Think Globally, Train Locally
From the inception of this workflow, the Conair team understood that its success rested on getting vendor personnel to update the work orders, and the team took several key precautions to help get the project moving during the pilot phase. For starters, the user interface on the SAP SNC screens is designed to resemble the interface of the legacy system to reduce the amount of change management required for the vendors.
The manufacturing partners that participated in the SAP SNC pilot program were chosen by members of Conair’s Hong Kong vendor management team because this group had the most detailed knowledge of both the manufacturers’ capabilities and willingness to participate in such a program.
“These are the Conair people who interact with these vendors every day, and they knew which vendors were using the legacy system and to what extent,” says Harding.
The SAP SNC training was also administered by team members based in Hong Kong. Whenever possible, the training was done in person at the manufacturer’s location or at a centralized Conair training facility in China. While this approach wasn’t as cost-efficient as training them remotely, it limited the chance of miscommunication that could potentially derail a training session and slow adoption.
Moving to Full Volumes
Due in large part to the fact that so much planning was done ahead of time, the pilot was a success — SAP SNC 5.1 provided much more visibility into Conair’s manufacturing and supply chain processes.
“We piloted the full scope of the functionality with only a small group of manufacturers, so once it was successful, our goal became to expand the use of the system to include more POs going to more manufacturers,” says Harding.
Conair went live with SAP SNC 5.1 in 2010 and quickly expanded the number of POs put through the system. This was accomplished by requesting that all manufacturers access and update all POs for the company’s tier-one vendors. This rapid increase in order volume, however, slowed the response times in the system, so Conair decided to upgrade the software.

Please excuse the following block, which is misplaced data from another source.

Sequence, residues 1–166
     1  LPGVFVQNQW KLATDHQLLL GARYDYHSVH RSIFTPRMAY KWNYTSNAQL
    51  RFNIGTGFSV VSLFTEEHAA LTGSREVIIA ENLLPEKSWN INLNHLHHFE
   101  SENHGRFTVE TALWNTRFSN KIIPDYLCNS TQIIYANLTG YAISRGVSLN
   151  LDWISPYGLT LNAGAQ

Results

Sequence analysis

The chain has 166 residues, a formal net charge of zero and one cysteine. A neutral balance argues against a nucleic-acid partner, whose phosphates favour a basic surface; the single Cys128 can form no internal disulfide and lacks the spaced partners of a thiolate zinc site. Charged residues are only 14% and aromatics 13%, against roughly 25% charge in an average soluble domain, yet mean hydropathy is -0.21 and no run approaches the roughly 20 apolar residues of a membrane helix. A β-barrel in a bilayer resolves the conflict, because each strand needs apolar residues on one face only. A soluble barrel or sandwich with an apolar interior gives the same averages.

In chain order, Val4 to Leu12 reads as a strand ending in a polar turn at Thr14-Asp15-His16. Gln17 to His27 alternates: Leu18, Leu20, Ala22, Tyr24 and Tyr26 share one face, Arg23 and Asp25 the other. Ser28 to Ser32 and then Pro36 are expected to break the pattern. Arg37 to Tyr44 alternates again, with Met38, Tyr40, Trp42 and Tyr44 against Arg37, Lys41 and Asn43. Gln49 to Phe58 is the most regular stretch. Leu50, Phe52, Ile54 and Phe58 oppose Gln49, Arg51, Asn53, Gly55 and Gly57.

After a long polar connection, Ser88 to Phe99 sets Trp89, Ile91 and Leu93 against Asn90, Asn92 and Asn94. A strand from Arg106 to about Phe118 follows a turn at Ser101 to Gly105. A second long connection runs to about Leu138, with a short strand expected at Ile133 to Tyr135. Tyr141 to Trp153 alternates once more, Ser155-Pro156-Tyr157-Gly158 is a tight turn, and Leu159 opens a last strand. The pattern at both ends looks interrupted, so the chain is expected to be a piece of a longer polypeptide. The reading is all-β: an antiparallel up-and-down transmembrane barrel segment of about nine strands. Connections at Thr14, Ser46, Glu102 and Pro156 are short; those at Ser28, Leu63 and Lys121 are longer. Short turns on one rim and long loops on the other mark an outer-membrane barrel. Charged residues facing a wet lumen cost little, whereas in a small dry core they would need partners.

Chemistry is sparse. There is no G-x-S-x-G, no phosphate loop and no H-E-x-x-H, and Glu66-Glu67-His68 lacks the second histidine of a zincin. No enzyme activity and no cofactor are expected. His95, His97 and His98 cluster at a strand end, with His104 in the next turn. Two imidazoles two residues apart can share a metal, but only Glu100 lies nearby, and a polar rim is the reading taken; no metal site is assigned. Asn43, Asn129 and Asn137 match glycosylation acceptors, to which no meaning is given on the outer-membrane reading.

“When we started this project, SAP SNC 5.1 was the latest version available,” says Harding. “But when we saw the drop in response times after go-live, we upgraded to version 7.0 and that resolved many of the issues.”
The upgrade required some customization and data conversions to make sure the screens still resembled the legacy system screens, as well as additional training. But this system adoption strategy was preferred over the alternative, which would have required the contract manufacturers to learn two new interfaces in a short period of time.
Today, the system is running smoothly and tracks work orders issued to hundreds of manufacturers across Asia.
Seeing the Future
The biggest benefit that Conair has realized from the use of SAP SNC is the ability to see delays or issues in its supply chain much earlier than in the past, which allows the business to adjust schedules and expectations accordingly. Rather than continuously check in with hundreds of manufacturers, Conair’s vendor management team can look for exceptions or red flags using this system and focus on managing those problems.
"We have improved our ability to promise inventory to our retail customers,” says Harding. “By living up to our inventory plans, Conair’s reputation is improved in the eyes of our customers.”
In the future, Conair envisions using SAP SNC for more communication and collaboration both internally and with vendors. For example, if a customer requires custom labeling or a particular testing protocol, that information could be shared with Conair’s vendors and teams in Asia via SAP SNC instead of manually in a separate communication.
“We see SAP SNC as a main operations communication platform in China,” says Harding.